Though the U.S. initially refused any economic aid without North Korean compliance, it soon made concessions. In May, 1994, an IAEA team was sent to monitor the removal of spent fuel rods at the main reactor in Yongbyon, but before their arrival five percent of the spent fuel rods had been removed. It seemed North Korea was only moments away from obliterating any evidence of nuclear material produced for the construction of weapons.
By June 1994, the U.N. Security Council sought the implementation of economic sanctions as China agreed to abstain from the vote. However, it was expected that an economic embargo would be ineffective and might even provoke a war on the Korean peninsula. The mounting tensions were temporarily defused by a four-day visit to North Korea by former U.S. President Jimmy Carter on June 15. This meeting gave Kim Il Sung the opportunity to reiterate his proposals, which included a suspension of the North's nuclear activities and an agreement to hold a presidential summit with South Korea in return for the suspension of the U.N. threat of sanctions and the resumption of high level talks with the U.S. However, though Carter was quick to agree to the proposal and claim the talks were "a miracle," the halting of the country's nuclear development, according to the accepted proposal, was to translate into a storage by North Korea of its 800 spent fuel rods. If these rods were to be reprocessed, analysts warned, enough material could be produced for four, even five, nuclear weapons. Despite this possibility, the U.S. agreed to the proposed plans. The likelihood of sanctions diminished still further with Russia's refusal, around the same time, to back a U.S.-drafted sanctions resolution, because there had been insufficient Russian consultation on the issue. The talks were hence scheduled for July 8, the very day on which news of Kim Il Sung's death reached the international community, bringing the crisis to a standstill. Negotiations were postponed as Kim Jong Il, Kim Il Sung's son, prepared to succeed his father.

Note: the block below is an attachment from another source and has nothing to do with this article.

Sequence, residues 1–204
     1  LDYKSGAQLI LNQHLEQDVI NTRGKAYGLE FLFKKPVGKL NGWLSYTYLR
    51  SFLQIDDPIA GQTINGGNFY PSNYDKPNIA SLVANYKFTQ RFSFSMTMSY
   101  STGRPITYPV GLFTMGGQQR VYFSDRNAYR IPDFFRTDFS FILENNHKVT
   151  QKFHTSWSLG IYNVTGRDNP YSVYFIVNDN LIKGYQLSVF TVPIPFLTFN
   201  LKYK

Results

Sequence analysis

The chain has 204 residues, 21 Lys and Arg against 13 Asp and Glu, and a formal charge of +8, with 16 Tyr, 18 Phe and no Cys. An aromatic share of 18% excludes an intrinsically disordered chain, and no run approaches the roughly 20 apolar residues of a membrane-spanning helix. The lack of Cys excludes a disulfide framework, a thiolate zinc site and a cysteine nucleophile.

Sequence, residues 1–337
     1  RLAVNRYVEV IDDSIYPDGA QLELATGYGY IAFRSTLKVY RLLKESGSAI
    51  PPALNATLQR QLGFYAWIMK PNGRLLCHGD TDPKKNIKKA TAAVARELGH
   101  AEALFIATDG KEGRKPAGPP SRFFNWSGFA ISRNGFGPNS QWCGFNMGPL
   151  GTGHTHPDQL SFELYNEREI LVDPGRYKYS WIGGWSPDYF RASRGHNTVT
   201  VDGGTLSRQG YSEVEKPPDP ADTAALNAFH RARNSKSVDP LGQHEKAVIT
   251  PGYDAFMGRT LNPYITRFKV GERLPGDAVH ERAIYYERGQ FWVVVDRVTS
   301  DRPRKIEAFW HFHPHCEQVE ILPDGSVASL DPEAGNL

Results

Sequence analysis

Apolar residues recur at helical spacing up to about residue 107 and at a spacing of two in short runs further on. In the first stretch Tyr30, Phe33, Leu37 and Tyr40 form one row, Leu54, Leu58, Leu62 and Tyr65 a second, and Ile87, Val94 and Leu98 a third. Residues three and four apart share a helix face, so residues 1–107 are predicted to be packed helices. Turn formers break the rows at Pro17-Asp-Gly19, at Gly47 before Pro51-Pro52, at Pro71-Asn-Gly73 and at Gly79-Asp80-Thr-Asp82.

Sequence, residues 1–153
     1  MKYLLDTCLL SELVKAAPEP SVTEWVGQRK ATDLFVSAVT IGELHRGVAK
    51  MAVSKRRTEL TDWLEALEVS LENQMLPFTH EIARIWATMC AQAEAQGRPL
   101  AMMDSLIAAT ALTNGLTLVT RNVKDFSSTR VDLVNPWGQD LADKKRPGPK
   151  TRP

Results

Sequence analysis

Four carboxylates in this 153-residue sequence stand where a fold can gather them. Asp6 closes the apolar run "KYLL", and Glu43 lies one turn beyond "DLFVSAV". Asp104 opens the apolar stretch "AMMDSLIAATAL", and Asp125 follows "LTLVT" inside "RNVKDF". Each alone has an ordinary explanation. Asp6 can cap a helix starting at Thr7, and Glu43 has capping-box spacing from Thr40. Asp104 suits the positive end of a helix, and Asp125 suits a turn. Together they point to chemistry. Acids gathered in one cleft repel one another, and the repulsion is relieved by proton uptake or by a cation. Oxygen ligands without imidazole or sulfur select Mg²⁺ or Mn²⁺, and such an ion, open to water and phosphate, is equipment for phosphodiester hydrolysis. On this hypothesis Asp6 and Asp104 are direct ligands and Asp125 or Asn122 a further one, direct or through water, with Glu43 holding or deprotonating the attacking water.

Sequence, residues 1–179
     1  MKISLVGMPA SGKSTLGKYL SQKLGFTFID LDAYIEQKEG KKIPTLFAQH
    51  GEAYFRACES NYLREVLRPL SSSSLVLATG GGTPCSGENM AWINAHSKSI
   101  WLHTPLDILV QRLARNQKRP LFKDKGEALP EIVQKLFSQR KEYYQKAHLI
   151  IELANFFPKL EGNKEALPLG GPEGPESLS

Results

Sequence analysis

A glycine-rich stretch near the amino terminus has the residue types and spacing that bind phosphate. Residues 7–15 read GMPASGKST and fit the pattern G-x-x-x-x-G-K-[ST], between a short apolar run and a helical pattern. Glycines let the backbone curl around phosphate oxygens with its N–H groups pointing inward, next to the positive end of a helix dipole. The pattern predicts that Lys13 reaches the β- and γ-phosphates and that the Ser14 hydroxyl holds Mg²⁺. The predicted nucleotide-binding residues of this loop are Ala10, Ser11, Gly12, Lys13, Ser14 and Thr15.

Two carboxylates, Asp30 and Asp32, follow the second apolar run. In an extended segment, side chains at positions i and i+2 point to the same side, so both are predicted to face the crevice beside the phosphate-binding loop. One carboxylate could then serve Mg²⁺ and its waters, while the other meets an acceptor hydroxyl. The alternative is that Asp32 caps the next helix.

In September 1994, the U.S. and North Korea held talks in Geneva and an agreement began to take shape. It was already clear however that it was the international community that would make the broader concessions as Kim Jong Il ardently pursued his father's strategy.
On Oct. 21, 1994, a document was signed which is to grant North Korea two light-water reactors (worth $4 billion), 500,000 tons of heavy oil (originally supplied by the Soviet Union), resumed membership in the NPT, and at least a five-year delay of special inspections--ample time to conceal any weapons built or in the making.
As a result, North Korea, with a shrinking economy, a declining Gross National Product, a very low supply of food, and an absence of international investment and allies, struck gold. Using its diplomatic weapon with great care, it avoided the pressure to open its nuclear sites for international inspection.
The U.S. on the other hand, failed to compel the North to allow international inspection and probably failed to prevent the construction of nuclear weapons. Nevertheless, the U.S. may still stand to gain by reassuring a country with a decrepit economy and impoverished population.
Additional nuclear building has been halted and North Korea's revived resources may profit from global economics. If Kim Jong Il's intentions are, on the contrary, to violate the agreement, as his father violated numerous accords, the United States will likely suffer an immense loss of credibility. More importantly, nuclear conflict will remain a possibility.
Subir Guin is studying at the University of Toronto.